Within 60 minutes of doing this, they were ready for an external musician (soprano sax) to try the rapid prototype. The saxophonist was told what the LEGO world was meant to represent, and the goal of the score along with the initial performers’ instructions. The musician sat in front of a large TV screen in a different part of the room from the LEGO world; the small world was transmitted to the screen using WhatsApp video. Musicians X and Y would move the birds around the small world while Z moved the phone around like the camera function in a computer game. They were listening and responding to the saxophonist’s sounds.

This small-world experiment of the digital score was chosen because its core experience was being communicated through the interactivity between the saxophonist sound and the game world. If this aspect of the digital score design did not work or was substandard musicians X, Y and Z would never know the core communications functions of the score.

The demo lasted 6 minutes. Immediately following the demo, the team got together, and the saxophonist explained how it felt to be playing inside the score, what they expected to be happening, and surprising areas they liked. The team discussed the next steps, and very quickly made amendments and enhancements, made a second small world (a seascape) and added different animals as requested by the saxophonist. The saxophonist also wanted to have the camera movement linked to her saxophone, so she was in control of the live image.

After a couple more sessions, musicians X, Y and Z had deep insights into how the digital score might work when it is made in a Unity games engine. At the same time, because of their hands-on experience of moving the birds around and listening to the musician’s live performances, they were able to programme the non-player-character aspects of the game world with ease and accuracy.

This process enabled musicians X, Y and Z to get quickly to the core experience of this digital score, and because of this to build quickly and effectively the digital score proper.

Example 2: animated score

Musician A used the cards and designed a digital score as a fixed animated film. It was to deconstruct a violin and build a collage of ‘materials’ pertaining to a violin such as wood, metal string, pegs and violin music. The fixed animated film was to journey across these materials laid out in a sequence, for example, a piece of string leading to a bit of music manuscript from Mozart, leading to pieces of wood. Musician A, a violinist herself, would use these elements to “reconstruct” the violin through improvised sound.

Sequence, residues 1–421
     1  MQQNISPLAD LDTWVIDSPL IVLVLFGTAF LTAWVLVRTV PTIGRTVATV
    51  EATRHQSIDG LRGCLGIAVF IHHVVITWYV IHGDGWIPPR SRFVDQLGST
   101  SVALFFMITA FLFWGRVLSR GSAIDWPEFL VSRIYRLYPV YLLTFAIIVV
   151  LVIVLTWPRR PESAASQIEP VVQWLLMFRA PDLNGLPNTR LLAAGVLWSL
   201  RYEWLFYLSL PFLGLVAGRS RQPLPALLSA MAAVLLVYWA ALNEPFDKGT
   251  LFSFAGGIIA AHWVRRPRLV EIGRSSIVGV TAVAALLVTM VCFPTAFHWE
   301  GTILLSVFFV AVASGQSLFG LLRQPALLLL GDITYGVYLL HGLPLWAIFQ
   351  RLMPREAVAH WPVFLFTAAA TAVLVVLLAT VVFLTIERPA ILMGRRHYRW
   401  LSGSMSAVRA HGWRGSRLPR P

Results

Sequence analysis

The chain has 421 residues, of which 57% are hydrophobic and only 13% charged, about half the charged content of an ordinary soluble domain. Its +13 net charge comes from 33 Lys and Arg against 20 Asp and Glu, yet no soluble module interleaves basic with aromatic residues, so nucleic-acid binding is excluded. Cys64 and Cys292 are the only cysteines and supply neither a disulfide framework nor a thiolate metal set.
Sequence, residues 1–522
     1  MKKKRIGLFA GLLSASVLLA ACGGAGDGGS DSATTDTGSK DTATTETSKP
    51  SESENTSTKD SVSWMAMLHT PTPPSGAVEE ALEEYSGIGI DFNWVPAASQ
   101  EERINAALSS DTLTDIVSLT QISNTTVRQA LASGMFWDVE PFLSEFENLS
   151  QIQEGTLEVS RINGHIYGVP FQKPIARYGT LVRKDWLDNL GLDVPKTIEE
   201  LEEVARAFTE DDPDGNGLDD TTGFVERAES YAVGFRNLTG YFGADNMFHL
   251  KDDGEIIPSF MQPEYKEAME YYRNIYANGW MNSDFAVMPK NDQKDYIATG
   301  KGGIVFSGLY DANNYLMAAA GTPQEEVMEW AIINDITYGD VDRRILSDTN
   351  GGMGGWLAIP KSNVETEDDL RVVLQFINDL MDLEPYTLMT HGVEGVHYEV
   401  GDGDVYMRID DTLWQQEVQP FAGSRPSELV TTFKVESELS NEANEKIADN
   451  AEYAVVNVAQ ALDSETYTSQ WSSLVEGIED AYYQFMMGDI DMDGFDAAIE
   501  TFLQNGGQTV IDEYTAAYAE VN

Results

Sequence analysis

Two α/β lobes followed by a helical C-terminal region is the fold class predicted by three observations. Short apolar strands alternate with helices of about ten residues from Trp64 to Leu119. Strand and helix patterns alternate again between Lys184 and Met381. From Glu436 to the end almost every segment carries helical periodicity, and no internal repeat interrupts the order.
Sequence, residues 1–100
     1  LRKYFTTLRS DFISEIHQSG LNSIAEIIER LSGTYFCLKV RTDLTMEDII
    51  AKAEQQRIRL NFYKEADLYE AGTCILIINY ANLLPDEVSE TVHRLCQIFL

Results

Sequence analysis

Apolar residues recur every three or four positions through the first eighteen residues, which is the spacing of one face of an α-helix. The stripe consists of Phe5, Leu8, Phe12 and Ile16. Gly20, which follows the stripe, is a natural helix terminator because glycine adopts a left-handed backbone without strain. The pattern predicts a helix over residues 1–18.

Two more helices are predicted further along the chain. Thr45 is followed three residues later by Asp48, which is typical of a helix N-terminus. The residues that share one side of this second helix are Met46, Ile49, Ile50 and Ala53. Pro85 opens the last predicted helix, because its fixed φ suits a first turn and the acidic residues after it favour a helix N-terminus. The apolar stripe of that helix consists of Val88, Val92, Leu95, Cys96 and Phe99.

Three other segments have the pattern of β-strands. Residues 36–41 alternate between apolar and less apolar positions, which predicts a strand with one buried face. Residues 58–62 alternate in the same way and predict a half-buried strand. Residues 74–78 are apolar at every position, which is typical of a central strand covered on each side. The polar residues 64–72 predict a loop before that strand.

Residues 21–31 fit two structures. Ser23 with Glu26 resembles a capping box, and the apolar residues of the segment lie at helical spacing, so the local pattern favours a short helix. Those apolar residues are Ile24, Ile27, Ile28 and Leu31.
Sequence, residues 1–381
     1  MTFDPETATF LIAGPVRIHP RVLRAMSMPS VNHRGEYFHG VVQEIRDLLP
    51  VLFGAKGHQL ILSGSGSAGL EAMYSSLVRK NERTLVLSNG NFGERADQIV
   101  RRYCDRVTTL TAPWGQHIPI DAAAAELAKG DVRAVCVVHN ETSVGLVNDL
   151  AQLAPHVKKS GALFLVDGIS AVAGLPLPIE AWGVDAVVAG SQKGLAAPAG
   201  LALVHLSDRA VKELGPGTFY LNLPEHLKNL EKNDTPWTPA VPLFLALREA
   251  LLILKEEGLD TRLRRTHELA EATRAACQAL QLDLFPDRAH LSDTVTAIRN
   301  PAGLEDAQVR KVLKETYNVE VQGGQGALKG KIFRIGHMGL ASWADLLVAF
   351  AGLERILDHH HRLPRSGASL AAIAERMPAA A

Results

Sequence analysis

The core experience with this digital score was to be felt in the balance between how the abstract and musical materials were presented on the screen, and the tempo of the journey in the collage. A rapid prototype experiment was set up that used bits of stuff that were lying around the classroom that resembled the materials of a violin. These were laid out in a journey, and a quick video made with her phone. Following the first test, a new journey was laid out and recorded, then another.

Through these early experiments, core experiences of balance, tempo, complexity of materials and assemblage were determined, and a final version was made relatively quickly once the proper materials were found.

Example 3: AI ensemble

Musicians R, S and T designed a digital score using AI, which would listen to a live musician playing a fixed melodic line and build a unique backing track for them based on their emotional mood. The AI would generate chords by analysing the live musicians playing in realtime and measure their arousal through on-body sensors (EDA). Together the AI and the live musician would make the music in the here and now, with each performance of the digital score creating a different version of the piece but the melodic line remaining fixed.

The core experience would be how the AI measured the live musician and made a response in realtime. This would be felt as new and engaging, perhaps like a duet. Musician R would perform the melodic line on guitar with musicians S and T operating the AI.

To kickstart the experiment the musicians composed a short melodic line and built a quick harmonic matrix that would work with it. The rapid prototype experiment used a Wizard of Oz approach for the AI. This involved musicians S and T pretending to be the AI in another room (like the Wizard of Oz in the film). Musician S would watch musician R through a live video feed and make judgments about their arousal state, signalling this to musician T by lifting or lowering his arm. Musician T would then play chords using a found keyboard sound in Garageband and referencing the harmonic matrix as a guide to what he was playing. This was then broadcast back onto musician R over the video feed.

After one experiment the trio discussed the core experience. Decisions were made about extending the melodic line and building rules for how the arousal measurement could be translated to the harmonic matrix. Extra AI control qualities were also introduced.

Over a 3-hour process, the musicians felt that they understood the key behaviours of the AI and were then able to spend the lengthy process of building it in Python knowing that it would work. They also knew what material worked for the melodic line, and harmonic matrix.